Nearly 70 years after the name first became part of the Jackson entertainment scene, the lights have gone out at the Pink Garter Theatre.
And the next act for the historic venue hasn’t been written.
Pink Garter Plaza owner Dudley Miller said last week he is talking to people who might take over the 13,500 square feet in the building that has been occupied by the theater and the adjacent bar, The Rose.
“We’ve got some leads, but that’s about the extent of it,” Miller said from his home in Mexico, Missouri. “It’s not dead in the water.”
But the attraction of the space, close to the high-rent Town Square business district, might not be concerts and shows, as it has been in one form or another since 1969.
Dom Gagliardi has run the bar and theater for more than a decade. He said public reaction has been dismay, but the struggling business couldn’t survive the hit of closings forced by the coronavirus.
“The shutdown of business due to the COVID-19 pandemic,” he said, “halted crucial income used to get through a normal spring shoulder season. ... We lost out on quite a bit of income we counted on.”
“With no assemblies for the theater in sight, and the concert industry effectively shut down, The Rose LLC was forced to vacate the theater portion of the lease.”
“Over two days there’s been a kind of an outpouring of people reaching out on social media about the amazing times they had in that theater,” Gagliardi said.
The theater space might be taken on as-is by new management, Miller said, but that’s not a guarantee.
“It’s sad something that’s been around that many years would disappear,” he said, but “we’re not sure it will be a theater, though it could possibly have live entertainment on occasion.
“We’re open for anything. We’ll listen to anybody’s thoughts or ideas. We’re not married to a theater.”
If Miller finds a new tenant with plans that don’t include entertainment it would be difficult to turn down the offer, he said. That might even include remodeling that not only closes the theater but turns its space into something else.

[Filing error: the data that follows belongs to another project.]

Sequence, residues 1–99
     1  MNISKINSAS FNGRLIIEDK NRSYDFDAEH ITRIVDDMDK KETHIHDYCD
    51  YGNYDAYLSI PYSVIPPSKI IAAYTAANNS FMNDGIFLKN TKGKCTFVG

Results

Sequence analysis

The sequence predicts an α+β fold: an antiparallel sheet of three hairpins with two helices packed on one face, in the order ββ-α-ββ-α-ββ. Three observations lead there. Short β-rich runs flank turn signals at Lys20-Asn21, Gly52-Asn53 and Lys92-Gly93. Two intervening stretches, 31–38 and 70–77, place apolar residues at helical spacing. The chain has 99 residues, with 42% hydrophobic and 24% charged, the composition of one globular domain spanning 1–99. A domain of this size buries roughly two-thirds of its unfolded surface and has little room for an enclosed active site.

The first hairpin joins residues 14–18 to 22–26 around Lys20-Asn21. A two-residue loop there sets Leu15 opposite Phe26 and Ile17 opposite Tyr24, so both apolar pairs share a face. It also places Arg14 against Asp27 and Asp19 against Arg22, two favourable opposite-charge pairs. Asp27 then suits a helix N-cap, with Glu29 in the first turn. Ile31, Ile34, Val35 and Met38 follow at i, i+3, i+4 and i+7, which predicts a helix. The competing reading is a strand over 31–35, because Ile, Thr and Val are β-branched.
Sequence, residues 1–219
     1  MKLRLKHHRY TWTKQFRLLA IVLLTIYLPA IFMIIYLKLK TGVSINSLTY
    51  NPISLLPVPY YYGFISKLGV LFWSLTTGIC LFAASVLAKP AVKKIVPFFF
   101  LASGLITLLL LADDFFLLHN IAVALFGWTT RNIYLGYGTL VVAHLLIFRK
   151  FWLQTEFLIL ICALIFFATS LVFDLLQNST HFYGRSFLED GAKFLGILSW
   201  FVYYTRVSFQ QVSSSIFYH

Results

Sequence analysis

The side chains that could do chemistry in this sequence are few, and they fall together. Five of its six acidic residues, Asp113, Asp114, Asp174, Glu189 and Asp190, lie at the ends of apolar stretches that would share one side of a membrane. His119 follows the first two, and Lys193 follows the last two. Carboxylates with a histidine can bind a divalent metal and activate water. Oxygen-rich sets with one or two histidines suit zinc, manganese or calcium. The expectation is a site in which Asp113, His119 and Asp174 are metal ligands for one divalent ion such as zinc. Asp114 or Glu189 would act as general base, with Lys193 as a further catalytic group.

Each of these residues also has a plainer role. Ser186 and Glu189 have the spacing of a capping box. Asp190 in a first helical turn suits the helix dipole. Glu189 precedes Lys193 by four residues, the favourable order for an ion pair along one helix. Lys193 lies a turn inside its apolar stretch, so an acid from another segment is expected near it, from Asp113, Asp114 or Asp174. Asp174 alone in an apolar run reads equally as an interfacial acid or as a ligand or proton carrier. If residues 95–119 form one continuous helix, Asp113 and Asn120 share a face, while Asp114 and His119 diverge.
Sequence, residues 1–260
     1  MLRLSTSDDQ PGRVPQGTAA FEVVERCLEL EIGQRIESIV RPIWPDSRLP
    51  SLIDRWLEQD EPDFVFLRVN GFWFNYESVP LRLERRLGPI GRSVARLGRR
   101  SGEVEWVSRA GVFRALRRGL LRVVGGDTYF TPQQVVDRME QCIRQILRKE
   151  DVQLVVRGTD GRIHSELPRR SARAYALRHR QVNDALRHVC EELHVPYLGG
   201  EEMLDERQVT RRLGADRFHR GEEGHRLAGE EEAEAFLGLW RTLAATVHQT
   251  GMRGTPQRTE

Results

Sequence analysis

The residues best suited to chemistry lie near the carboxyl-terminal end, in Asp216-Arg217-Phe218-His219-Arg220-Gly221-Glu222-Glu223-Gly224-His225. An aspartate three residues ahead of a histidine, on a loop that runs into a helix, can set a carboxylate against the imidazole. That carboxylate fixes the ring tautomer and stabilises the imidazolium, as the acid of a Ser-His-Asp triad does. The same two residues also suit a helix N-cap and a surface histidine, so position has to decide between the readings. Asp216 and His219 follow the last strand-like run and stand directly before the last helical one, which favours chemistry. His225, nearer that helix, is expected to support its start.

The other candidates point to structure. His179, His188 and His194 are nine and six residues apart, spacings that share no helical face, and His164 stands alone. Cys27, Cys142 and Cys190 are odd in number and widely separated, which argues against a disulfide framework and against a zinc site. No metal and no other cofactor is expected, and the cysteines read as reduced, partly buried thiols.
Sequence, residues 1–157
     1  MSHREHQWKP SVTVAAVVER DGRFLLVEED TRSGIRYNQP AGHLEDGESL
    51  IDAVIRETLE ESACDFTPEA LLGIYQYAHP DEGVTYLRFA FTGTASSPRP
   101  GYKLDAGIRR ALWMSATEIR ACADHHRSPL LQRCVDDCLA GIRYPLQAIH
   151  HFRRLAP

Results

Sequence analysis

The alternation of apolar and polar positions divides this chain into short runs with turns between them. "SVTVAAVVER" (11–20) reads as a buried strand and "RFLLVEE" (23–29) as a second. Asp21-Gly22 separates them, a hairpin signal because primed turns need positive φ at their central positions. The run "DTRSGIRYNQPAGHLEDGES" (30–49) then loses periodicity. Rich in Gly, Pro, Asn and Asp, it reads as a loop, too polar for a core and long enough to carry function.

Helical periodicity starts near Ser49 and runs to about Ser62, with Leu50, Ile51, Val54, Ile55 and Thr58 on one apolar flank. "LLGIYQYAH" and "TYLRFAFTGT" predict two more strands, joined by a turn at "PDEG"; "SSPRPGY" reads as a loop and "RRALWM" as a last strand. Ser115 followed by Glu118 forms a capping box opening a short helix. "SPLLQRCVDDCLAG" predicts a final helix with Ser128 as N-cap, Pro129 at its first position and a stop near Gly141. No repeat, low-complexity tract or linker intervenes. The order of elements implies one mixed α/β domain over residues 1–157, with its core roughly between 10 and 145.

Work on the three-story building began in 1969 but wasn’t officially done until 1971. The 28,060-square-foot structure, including about 9,800 feet of finished basement, sits on a lot of 0.34 acres. The county assessor values the property at about $8.9 million.
Besides the theater and bar, the building houses the popular Pinky G’s Pizzeria, Jackson Hole Roasters, Whiskey Barber and several other businesses, including a tattoo artist and a church in the basement.
Miller said he has owned the building about a dozen years. He said losing his longtime tenant in the middle of the pandemic was a serious financial blow, but he predicted better times, though adding that the Pink Garter hasn’t been the best of investments.
Miller believes the business model was a central part of the problem.
“In my opinion, nothing runs itself,” he said. “I think management had a lot to do with it.”
A big factor, he said, was that Gagliardi “catered to the younger generation rather than the older generation.”
But Gagliardi said the mix of music at the Pink Garter suited many in the community, and the 350-capacity space was often filled. The aim in booking, he said, was to be “out of the normal thought process for the Center for the Arts.”
Gagliardi took on the Garter in November 2008 and was encouraged by “overwhelmingly positive” response to an early Grace Potter show. Though there have been forgettable acts in the space since then, the Garter stage has also been occupied by Band Of Horses, Public Enemy, TV on the Radio, Sharon Jones and the Dap Kings, ODESZA, Buckethead and a solo show by Jack White, known for his work with White Stripes. Over the theater’s life it ran the range from hosting the Wyoming Junior Miss Pageant to drawing a raucous Halloween crowd for “The Rocky Horror Picture Show.”
But even after obtaining a liquor license for The Rose, the big space had trouble paying its own way, Gagliardi said. He told the News&Guide in December that “it’s been difficult to make the finances work. ... It’s just been daunting to earn enough income to cover all that square footage.”
He said Monday that “it’s a big lease, a lot of money.”
Gagliardi and Miller haggled over the lease in December and came to a conclusion that Gagliardi thought would allow the operation to continue. But he said last week that the pandemic has killed hopes.
Gagliardi said plans are for The Rose to reopen when health officials give their approval. There might be entertainment offered in the theater “if possible.”
But he isn’t confident about that and is prepared for an end to the business as it’s been operated.
“It is sad to end what we have created in the Pink Garter, so many amazing concerts have happened in there and brought a lot of happiness to people,” he said. “Unfortunately we are not in a financial position to carry this size lease any longer.”